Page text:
Thank (new)FIL for toast and kind words.
small gag if you can carry it off:
e.g. Thank you *** for proposing the toast and for those kind words.
I had also planned to do a short speech but then this is probably the only time in my life I will get to speak on behalf of *wife*, so I am going to take my time an enjoy the moment…..
You will be glad to know that my speech will actually be a bit like my kilt, JUST LONG ENOUGH TO COVER THE ESSENTIALS!
-GENERAL THANK YOU
“MY WIFE AND I”…….…. (CHEER) etc etc
We would like to thank you all gifts and coming etc
-THOUGHT TO FRIENDS and FAMILY WHO COULD NOT JOIN US (If any)
-THANK NEW IN-LAWS
for wedding if they are paying, for support if not * for bringing wife up to be person she is today
-FIRST TIME YOU MET HER PARENTS
insert funny story if you have one
-THANKS TO YOUR PARENTS
for support, putting you through university, putting up with you etc.
**TOAST: TO THE PARENTS
-MENTION 2 SPECIAL LADIES
**TOAST: TO THE BRIDESMAID
-THANK USHERS AND STAG DO GOERS
-INTRODUCE YOUR WIFE
e.g. “I’ve become so tangled up in thank you’s … that I still haven’t mentioned the most important person here.” My beautiful Wife
I knew you would look wonderful today and you took my breath away when you came down the aisle. I want everyone to know how lucky I am to marry someone so beautiful, intelligent, kind and genuine.
-HOW WE MET
-SO I PROPOSED
e.g. Well now after almost 2 years of planning the day is finally here.
We have lived together for a long time now,
But I need you to know that I haven’t actually married the women that I want to live with,
I have married the women that I can’t live without. (Aaahhh)
**insert slushy poem/song lyrics that she likes
**TOAST: TO WIFE
**INTRODUCE THE BEST MANPosted 7 years ago
Sit down and drink
Cheers for all the comments, I didn’t really want to do any speeches as my best man doesn’t like the idea either but got to please the parents as well (seeing as they’re paying for a lot of it!). I think I’ll just keep mine brief, however I have a tendency to skip bits when I’m nervous. Might go something like this;
Stand up, swig of fortified wine, ‘In’t she lovely. Ta!’ Sit down. Rapturous applause…Posted 7 years agobigjimSubscriber
You’ll be OK, I’m the same as you and doing rpesentations at work often get really nervous and then in a trance at the end wonder what i said.
Did a best man speech and once you get up and realise it is your friends looking and laughing with you it really is OK, and at the end I wanted to keep going.Posted 7 years agoB.A.NanaMember
At some of the weddings I’ve been to the groom has just basically stood up and thanked all the helpers and handed out gifts to them all individually (with the help of his new partner), thanked everyone for coming, said a nice word or two about his wife, sat down. That’s all that’s expected.Posted 7 years ago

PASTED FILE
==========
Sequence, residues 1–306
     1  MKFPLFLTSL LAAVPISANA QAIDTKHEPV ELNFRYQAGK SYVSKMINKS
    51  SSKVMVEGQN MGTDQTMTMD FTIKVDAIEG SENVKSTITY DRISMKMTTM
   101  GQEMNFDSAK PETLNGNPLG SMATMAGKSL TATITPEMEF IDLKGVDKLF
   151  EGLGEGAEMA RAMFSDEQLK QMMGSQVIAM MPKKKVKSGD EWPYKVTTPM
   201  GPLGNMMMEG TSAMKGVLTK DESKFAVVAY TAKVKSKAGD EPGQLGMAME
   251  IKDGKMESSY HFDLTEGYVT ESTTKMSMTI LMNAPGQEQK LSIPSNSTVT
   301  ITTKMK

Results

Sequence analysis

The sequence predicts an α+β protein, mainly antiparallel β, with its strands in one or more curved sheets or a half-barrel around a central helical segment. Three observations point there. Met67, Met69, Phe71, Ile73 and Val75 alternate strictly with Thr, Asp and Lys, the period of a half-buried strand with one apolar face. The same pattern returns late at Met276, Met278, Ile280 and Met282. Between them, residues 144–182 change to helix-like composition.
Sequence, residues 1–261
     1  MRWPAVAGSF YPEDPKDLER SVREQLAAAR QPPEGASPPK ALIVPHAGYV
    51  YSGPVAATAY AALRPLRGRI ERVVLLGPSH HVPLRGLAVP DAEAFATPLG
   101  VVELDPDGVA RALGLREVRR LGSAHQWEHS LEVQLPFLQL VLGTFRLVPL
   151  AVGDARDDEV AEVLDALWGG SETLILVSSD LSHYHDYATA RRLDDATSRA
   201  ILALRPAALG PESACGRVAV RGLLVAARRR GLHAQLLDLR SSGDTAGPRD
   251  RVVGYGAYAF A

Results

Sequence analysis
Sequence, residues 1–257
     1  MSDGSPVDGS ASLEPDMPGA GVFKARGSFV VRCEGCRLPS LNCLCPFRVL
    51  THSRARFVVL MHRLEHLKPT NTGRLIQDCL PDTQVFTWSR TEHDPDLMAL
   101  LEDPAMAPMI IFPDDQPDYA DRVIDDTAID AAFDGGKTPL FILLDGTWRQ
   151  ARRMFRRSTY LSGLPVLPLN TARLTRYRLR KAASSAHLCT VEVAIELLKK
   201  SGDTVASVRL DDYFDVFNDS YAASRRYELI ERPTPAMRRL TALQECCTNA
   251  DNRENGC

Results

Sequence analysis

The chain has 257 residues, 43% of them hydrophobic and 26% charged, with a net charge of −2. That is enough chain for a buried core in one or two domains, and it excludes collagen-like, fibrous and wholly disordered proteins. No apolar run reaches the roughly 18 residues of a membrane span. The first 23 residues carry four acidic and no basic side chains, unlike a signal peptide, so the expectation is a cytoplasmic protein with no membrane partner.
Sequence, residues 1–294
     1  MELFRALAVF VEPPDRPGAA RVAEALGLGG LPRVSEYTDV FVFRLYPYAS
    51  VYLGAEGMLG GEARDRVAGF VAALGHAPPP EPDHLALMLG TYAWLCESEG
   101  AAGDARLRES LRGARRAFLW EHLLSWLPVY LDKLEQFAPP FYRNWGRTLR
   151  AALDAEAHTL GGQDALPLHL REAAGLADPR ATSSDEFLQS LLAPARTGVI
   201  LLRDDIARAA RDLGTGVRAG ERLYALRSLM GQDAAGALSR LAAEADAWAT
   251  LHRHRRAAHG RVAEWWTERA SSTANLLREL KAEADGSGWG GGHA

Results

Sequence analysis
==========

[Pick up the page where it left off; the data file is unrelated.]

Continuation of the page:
Oeuf, congratulations and good luck, I’m thinking of doing that myself now. The training I give at work is almost a recital now as I do loads of short sessions and know it off by heart. Knowing the subject really helps as well as if there are any hecklers / negativaty I can deal with it with almost set answers! Not likely at a wedding but sometimes people will shout comments but mainly in the best mans bit.
My mate got married a few years ago and said he was so nervous he can’t remember going to the church or what he had eaten at the Wedding Breakfast, I don’t think I’ll be that bad, hopefully…Posted 7 years agoMilkieMember
I feel for you, for some stupid reason I’ve been best man 3 times, I’m doing something wrong! I understand the Palpatations too, I threw up on 2/3 weddings, luckily in the toilet… Why oh why do they do speeches after the meal, thrid time I had a word with the staff and they kept a warm plate of food for after.
Read it to a couple of friends that know you and your wife to be, to see if they get it. Being the Groom, it doesn’t have to be big, it doesn’t have to be funny either, that is what the best mans speech is for, the pressure is on him, not you. 😉Posted 7 years agoRagTiMember
Definately get a few beers in as this will kick in a little dutch courage, followed by 3 minutes of deep breathing. If you are really nervous it may help if you start your speech by immediately giving out the presents to the bridesmaids. I have seen this before and will also stall things a little (speaking wise) should you get any stagefright / panic, the panic will then imediately go on the slide and you will crack on and really feel limitless, you can also then start talking when you want rather than when promted, this is a major factor in reducing stagefright for many people. Yes I have seen weddings ruined by worry, but all seem to go off OK.
Like many people said, go for something very quick ………. 99% of your guests will also be thinking Im glad I dont have to be up there speaking and subsequantly wont mind at all. My brothers wedding speach was 40 seconds, his father in laws even less!, and everyone thought it was great. More importantly I could crack on with the Prawn Cocktail quicker!!
Best of luck, but you really will be kicking yourself for all the hours of worry when it goes off just fine.Posted 6 years ago